Simply put, the average defamation settlement will depend on the particular facts and goals of your defamation lawsuit. Victims of defamation may have different goals in mind – some may simply want the defamatory content removed, while others may seek monetary compensation for their losses.
While there is no such thing as an “average defamation settlement,” there are numerous driving factors that will determine the right settlement for you, including:
- The nature of the defamatory statements
- If you can prove economic damages with bank statements, tax returns, and other financial records,
- If you can show actual malice to substantiate punitive damages,
- If you use expert witnesses to establish general damages like emotional distress, and
- The credibility of each side’s witnesses and evidence.
In our experience filing and litigating defamation lawsuits across 26 states and 5 countries, we know that there is no one-size-fits-all answer as to the average settlement. Yet, our experience has helped us identify the major factors that influence a defamation settlement, know how to thoroughly document the reputational harm faced by our clients, and maximize their defamation damages.
In this article, we will address the multitude of factors that impact defamation awards, as well as the costs associated with litigation. We will also discuss the types of damages typically available in most defamation claims.
What is the Timeline of a Defamation Lawsuit?
Any form of litigation, whether you are looking at a contested divorce or a defamation lawsuit, is time-consuming. Lawsuits are hardly ever a quick fix for a legal issue.
What is the Average Length of a Defamation Lawsuit?
Before committing to litigation, it is important to take the time to familiarize yourself with the legal process. Find out what will be involved in the slander or libel lawsuit – like what your attorney will need to prove and what documents you will need to file.
You may also need to prepare yourself mentally for the uncertainty of litigation. Even the simplest of lawsuits can be unpredictable, stressful, and costly.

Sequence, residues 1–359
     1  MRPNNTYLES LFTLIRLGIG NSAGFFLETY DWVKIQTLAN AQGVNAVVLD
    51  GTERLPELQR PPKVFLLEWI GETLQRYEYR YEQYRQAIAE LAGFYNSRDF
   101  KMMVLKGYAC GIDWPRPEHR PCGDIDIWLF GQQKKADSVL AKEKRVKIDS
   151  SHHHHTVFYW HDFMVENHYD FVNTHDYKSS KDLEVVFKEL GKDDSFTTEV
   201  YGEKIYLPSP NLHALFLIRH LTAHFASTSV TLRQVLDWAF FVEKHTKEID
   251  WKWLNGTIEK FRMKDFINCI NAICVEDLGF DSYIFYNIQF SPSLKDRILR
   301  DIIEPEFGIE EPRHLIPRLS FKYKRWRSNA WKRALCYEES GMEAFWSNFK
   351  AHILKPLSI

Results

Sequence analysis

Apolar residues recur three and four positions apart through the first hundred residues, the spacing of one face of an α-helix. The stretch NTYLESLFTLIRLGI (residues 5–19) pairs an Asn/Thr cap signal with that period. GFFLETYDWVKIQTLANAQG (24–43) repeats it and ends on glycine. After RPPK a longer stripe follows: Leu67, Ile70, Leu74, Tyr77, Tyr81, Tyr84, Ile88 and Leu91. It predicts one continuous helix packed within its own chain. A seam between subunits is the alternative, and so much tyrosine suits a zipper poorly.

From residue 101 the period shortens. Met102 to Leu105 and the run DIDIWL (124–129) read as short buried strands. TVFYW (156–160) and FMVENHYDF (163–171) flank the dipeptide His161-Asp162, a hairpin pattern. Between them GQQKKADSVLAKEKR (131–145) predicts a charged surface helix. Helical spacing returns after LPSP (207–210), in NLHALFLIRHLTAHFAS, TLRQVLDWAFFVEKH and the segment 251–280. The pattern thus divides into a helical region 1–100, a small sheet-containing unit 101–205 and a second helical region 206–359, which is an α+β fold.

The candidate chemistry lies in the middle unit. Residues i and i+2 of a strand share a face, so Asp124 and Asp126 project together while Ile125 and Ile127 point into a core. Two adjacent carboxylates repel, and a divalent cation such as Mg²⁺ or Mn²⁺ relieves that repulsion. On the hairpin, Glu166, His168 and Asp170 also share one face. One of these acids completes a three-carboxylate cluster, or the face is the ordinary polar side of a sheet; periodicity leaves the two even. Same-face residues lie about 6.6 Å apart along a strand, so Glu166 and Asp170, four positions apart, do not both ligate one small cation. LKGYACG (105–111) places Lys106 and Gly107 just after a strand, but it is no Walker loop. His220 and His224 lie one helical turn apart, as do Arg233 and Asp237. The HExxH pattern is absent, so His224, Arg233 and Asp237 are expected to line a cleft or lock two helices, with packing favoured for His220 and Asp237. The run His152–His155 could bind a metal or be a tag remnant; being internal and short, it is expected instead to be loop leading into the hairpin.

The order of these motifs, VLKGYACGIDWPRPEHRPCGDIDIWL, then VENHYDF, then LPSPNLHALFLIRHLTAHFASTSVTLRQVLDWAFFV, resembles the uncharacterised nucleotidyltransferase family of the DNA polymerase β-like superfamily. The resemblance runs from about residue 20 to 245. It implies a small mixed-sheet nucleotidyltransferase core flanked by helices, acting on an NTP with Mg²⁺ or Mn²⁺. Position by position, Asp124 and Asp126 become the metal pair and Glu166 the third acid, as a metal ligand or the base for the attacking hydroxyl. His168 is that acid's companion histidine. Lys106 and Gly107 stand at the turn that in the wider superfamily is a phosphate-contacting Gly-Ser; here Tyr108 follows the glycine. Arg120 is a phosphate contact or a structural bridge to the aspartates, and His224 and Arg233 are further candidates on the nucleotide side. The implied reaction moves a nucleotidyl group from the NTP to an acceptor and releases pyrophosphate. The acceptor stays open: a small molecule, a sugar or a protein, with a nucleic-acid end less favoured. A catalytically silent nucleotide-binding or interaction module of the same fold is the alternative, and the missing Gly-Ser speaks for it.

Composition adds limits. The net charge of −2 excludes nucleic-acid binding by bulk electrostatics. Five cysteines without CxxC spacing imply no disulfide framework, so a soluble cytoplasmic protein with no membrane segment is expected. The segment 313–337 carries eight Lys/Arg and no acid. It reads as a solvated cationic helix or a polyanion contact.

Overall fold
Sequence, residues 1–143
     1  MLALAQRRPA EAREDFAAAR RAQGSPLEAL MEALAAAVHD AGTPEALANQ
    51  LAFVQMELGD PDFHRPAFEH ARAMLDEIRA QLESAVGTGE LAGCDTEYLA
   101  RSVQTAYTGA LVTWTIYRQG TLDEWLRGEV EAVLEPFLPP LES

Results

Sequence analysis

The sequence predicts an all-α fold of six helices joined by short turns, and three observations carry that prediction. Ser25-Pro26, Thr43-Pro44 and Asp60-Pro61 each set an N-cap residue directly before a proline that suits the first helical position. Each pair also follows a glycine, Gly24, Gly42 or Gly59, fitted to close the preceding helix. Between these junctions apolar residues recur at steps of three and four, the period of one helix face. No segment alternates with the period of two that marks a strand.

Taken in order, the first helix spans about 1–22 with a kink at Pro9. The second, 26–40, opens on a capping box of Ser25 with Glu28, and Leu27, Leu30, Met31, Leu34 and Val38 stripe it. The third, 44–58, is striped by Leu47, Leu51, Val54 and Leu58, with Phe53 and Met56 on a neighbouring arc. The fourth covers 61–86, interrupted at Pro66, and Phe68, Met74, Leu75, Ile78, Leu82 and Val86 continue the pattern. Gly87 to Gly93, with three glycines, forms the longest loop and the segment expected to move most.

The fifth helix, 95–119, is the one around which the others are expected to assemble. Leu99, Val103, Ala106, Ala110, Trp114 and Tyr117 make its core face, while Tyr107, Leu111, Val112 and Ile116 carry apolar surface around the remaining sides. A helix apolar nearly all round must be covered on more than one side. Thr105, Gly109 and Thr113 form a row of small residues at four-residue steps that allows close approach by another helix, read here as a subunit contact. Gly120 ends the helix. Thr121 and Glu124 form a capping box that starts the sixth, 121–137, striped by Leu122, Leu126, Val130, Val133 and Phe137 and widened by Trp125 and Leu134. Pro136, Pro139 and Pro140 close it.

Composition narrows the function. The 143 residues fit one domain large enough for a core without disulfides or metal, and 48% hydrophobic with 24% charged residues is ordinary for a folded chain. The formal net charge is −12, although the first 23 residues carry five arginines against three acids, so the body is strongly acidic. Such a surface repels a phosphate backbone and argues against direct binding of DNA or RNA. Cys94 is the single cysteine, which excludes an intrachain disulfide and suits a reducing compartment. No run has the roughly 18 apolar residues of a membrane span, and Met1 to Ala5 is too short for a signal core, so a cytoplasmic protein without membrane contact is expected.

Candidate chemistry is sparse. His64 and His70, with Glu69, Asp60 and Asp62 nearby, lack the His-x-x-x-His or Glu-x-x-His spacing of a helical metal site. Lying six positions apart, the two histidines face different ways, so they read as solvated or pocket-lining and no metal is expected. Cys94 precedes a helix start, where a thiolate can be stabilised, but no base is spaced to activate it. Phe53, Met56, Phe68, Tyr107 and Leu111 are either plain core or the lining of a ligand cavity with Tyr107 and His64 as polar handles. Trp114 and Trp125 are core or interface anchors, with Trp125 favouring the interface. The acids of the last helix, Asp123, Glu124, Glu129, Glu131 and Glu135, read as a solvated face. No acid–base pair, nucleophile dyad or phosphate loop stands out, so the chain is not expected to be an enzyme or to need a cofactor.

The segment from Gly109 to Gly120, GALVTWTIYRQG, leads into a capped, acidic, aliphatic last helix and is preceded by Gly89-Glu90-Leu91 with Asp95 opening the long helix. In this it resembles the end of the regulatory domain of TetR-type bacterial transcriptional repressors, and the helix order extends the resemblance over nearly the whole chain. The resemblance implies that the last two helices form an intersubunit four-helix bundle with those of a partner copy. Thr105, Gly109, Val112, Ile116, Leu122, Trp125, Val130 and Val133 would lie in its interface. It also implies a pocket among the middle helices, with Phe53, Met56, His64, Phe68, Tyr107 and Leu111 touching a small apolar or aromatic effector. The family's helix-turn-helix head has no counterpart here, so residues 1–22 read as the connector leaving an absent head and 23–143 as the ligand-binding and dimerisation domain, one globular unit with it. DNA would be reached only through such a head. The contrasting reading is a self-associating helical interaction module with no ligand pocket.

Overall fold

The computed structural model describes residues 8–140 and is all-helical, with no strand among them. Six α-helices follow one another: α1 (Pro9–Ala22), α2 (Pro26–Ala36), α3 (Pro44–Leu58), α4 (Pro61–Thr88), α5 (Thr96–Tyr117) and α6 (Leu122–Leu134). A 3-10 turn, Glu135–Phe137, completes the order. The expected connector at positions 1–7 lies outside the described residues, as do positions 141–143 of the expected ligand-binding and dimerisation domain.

While there is no one-size-fits-all solution to internet defamation, we have found that most lawsuits that we handle resolve within 6–18 months.
What Factors Can Affect the Timeline of a Defamation Claim?
The amount of time a defamation lawsuit takes from filing to full resolution may depend on several factors, including:
- If the case is contested by the defendant,
- If the defamer’s identity is known or needs to be uncovered,
- If there are multiple defendants
- If you are seeking financial damages,
- If the case proceeds to a trial,
- If a court order is necessary, and
- If you file in a jurisdiction that moves more slowly than others.
If you have any questions about filing a defamation lawsuit, make sure to read our comprehensive post by paralegal Dayra Lomba ‘5 Frequently Asked Questions About Internet Defamation Lawsuits’.
What Must Happen in the Timeline of a Defamation Lawsuit?
The Defamation Victim Sends a Retraction Demand Before Filing Suit
Before filing a defamation lawsuit, some jurisdictions, such as Texas and Florida, require a retraction demand. A retraction demand requests that the defamer remove the defamatory content in question and puts them on notice that if they fail to do so, litigation will commence. Defamation retraction demands encourage both parties to resolve their dispute before resorting to litigation.
The Plaintiff Files the Complaint
If the retraction demand is unsuccessful (or not required by the jurisdiction), a lawsuit will be initiated with the filing of a complaint. Complaints must be filed within the appropriate defamation statute of limitations, otherwise, a court may dismiss the case from the outset.
In most states, defendants have 30–60 days to respond to a defamation complaint after they are served.
Both Parties Initiate Discovery
At this point, both parties will then initiate discovery – the process of obtaining evidence in support of each party’s claim. Some states require a pretrial conference before starting discovery, which may add some additional time to the litigation. Once discovery begins, many state courts ask that it is completed within 60–120 days.
Motions of Extension
However, both sides may file Motions for Extension of Time to extend this deadline even further. Also, if your attorney must uncover the identity of an anonymous poster or defamer, this can add more time to the discovery process.
You may also face dispositive motions throughout a defamation lawsuit. Dispositive motions aim to remove some (or all) of the claims asserted in a lawsuit. Some examples of common dispositive motions include a motion for default judgment, a motion to dismiss, and a motion for summary judgment. If successfully argued, a dispositive motion could result in a claim being thrown out before it reaches trial.